Last week I met with two people from a recruitment company who are helping me fill a leadership position. As I sat down that night reflecting on my day, I looked back fondly on what was a really joyful and energizing meeting.

Why was it so joyful?

There are a few reasons, and I am moved to share them with you.

1.      The care that underpinned the meeting

Meeting with Kate and Andrew was not just a business transaction. It wasn’t merely a mechanical process of them finding out information about the position I am hiring for and then providing me data on next steps.

I could tell that Kate and Andrew genuinely wanted to help me.

They travelled a fair way to get to our office, and took a full hour out of their day to spend with me. Andrew had just returned from an overseas trip but made it a priority to immediately meet.

They were deeply curious about what was important to me and to our company. They took a lot of time to really listen, to ask great questions, to explore together.

It would have been possible for someone to gather the base raw facts of the position over an email and a short phone call. But that person would never really understand what I am trying to achieve and why it is important to me.

Kate and Andrew went the extra mile, and the authenticity of their desire to help me shone through.

2.     The connection we made

Besides the objective of filling the position that I have open, the conversation also included sharing stories and experiences in various forms.

I learned of a recent success of Andrew’s where he had taken on an opportunity to fill a CEO role, and  through a lot of hard work and a remarkable sequence of events ended up filling that position in an almost unheard of rapid timeframe. Hearing this story was a great encouragement to me in various ways.

I learned of Kate’s tireless work to promote Women in ICT which provided some inspiration to me.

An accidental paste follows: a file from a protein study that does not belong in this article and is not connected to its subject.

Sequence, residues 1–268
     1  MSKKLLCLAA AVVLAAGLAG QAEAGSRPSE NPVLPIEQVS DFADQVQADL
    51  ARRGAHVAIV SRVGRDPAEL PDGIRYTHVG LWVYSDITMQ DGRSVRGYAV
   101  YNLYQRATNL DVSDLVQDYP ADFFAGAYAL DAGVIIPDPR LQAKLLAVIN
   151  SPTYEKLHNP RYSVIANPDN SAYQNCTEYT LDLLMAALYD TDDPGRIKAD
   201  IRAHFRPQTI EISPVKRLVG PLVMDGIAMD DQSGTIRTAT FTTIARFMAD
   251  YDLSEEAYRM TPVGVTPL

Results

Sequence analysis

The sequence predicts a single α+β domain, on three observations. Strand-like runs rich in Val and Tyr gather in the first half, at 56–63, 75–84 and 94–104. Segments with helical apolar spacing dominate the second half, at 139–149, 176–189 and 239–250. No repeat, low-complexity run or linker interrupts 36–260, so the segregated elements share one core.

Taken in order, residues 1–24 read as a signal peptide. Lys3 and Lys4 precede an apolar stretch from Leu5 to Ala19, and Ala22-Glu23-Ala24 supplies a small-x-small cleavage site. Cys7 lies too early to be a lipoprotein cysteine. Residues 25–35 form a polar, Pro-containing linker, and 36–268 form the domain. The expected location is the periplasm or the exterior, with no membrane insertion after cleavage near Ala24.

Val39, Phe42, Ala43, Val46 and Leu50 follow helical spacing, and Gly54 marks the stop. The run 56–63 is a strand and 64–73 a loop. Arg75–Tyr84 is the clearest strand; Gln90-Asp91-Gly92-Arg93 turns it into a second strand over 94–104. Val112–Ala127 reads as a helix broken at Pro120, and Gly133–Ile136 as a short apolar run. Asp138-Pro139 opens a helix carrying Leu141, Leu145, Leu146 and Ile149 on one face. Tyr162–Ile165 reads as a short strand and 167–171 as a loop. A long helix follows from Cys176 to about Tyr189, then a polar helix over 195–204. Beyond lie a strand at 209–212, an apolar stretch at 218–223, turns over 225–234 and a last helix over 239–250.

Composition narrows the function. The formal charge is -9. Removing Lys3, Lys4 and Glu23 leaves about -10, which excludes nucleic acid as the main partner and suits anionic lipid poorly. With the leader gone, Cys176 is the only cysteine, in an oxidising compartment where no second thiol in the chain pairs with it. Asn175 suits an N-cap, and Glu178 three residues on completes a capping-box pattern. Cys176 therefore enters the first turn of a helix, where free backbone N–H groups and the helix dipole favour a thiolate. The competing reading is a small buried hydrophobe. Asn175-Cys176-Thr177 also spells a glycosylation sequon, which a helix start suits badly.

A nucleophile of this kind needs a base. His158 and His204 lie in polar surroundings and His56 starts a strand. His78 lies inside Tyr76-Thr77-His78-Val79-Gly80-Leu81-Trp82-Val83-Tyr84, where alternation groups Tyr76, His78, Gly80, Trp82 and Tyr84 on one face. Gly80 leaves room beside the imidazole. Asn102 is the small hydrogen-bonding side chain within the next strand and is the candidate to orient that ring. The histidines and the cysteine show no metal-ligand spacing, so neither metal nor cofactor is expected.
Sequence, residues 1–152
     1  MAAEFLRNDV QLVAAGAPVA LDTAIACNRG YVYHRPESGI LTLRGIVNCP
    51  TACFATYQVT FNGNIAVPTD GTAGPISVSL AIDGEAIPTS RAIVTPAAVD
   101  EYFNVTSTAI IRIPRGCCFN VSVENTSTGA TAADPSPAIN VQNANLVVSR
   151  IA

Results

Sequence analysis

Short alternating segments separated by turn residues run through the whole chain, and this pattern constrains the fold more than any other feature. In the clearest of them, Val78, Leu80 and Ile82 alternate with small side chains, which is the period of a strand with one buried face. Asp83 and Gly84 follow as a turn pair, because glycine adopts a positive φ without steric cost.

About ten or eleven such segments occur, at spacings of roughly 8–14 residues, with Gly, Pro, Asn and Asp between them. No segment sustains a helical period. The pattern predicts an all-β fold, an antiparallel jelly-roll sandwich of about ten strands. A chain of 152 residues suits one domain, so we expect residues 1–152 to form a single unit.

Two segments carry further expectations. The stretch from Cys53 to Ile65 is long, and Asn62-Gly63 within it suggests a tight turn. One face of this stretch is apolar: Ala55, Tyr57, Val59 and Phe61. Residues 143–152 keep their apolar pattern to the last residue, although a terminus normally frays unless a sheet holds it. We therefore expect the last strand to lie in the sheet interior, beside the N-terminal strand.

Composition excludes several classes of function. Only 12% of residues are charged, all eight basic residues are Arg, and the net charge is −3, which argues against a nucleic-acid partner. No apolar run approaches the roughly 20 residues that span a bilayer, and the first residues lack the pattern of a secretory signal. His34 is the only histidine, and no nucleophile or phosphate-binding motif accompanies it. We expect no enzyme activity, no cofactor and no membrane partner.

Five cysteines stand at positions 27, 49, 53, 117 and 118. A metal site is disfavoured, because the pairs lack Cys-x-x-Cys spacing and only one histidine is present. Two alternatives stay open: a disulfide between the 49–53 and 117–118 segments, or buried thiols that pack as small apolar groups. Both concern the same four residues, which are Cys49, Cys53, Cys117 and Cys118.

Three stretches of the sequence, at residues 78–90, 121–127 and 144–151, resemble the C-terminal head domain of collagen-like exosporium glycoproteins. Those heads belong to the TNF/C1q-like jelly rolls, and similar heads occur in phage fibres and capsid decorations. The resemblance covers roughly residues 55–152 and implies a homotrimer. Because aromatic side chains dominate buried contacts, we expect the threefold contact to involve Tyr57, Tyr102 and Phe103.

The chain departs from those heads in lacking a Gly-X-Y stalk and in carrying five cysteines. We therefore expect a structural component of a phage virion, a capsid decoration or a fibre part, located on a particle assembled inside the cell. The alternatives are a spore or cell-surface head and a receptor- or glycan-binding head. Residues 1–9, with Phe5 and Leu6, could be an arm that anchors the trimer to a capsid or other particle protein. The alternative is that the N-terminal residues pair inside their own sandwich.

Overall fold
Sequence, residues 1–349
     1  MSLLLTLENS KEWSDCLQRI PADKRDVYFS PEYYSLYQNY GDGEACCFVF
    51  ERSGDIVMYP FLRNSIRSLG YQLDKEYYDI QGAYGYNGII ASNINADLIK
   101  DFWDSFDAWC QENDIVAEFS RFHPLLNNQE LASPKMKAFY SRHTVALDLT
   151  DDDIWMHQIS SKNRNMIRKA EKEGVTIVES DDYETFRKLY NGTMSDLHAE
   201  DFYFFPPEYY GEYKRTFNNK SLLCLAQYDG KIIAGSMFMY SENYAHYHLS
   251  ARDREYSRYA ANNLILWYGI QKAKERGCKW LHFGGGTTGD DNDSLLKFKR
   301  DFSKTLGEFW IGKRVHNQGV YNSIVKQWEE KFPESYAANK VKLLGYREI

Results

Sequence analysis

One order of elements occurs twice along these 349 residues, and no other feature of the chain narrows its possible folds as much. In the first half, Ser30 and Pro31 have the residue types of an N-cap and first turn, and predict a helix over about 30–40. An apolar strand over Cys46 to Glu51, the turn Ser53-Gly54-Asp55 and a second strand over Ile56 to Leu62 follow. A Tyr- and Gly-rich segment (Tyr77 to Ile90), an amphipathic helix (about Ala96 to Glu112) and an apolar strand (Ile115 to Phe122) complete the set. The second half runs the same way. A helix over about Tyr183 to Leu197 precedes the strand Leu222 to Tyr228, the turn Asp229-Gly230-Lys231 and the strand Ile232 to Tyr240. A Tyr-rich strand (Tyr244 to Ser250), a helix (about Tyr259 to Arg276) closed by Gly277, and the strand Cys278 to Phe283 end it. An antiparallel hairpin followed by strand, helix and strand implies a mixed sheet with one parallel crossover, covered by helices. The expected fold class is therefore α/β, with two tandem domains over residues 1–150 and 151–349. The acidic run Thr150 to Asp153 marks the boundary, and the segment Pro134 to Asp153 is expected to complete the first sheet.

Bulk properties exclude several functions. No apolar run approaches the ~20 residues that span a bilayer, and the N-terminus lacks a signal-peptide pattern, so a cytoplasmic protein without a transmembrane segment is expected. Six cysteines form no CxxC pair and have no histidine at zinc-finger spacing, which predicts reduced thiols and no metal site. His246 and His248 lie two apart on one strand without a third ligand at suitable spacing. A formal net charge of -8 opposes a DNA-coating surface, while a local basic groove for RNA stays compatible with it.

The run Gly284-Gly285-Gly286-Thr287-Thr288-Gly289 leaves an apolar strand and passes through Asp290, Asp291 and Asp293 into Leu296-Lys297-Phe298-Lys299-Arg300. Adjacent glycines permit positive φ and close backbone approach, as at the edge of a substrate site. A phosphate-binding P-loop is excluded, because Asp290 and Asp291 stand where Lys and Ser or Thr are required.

I shared some of my recent experiences and thoughts, and saying those words out loud helped crystalize and clarify the thoughts in my mind relating to a couple of things I am working on.

The time we spent together helped me and encouraged me in numerous ways outside of the base objective of sharing the information about the job.

3.     We were in the moment

Thursday had actually been quite a challenging day for me with a lot of moving parts and complexities, with a temptation to feel overwhelmed. But that hour-long meeting was a refuge. I was completely in the moment. I was present.

An hour passed in what seemed more like 30 mins, a common phenomenon when you are deeply engaged in something with your full attention.

Work (and life) can be like this

The joyful, inspiring, energizing experience of that meeting is available for us more than I think we often realize. It is right in front of our noses, but we don’t stop to see it or to seize it.

What prevent us? Most commonly fear, stress, worry, insecurity.

Instead of being present, right here, right now, with our full attention on the people we are with at the moment, we have all sorts of anxieties that take us away – What if that big project I’m working on isn’t a success? How am I going to find the time to fit in the huge list of things on my plate? I have no idea how I’m going to deal with that big issue that is causing everything to fall off the rails. I don’t think anyone appreciates what I do or supports me.

But imagine what it would be like if you could go from situation to situation in your day and experience the freedom of truly being present in the current moment.

Trust is key

In order to truly be free and present in the moment we need to be able to genuinely trust that we can safely put all of the other things that are competing for our attention aside for the time being.

Children are the perfect role models for us in this. My girls teach and remind me of this all the time by their example. Have you ever observed the joy that radiates from a child that knows they are loved and knows that they are completely safe in the presence of their parents? The way they engage in the book they are reading, or the activity they are doing. The detail they notice. The enthusiasm they exude.

“Where do they get the energy?” is the catch cry of parents as they see their children exerting themselves with such vigor in so many different things.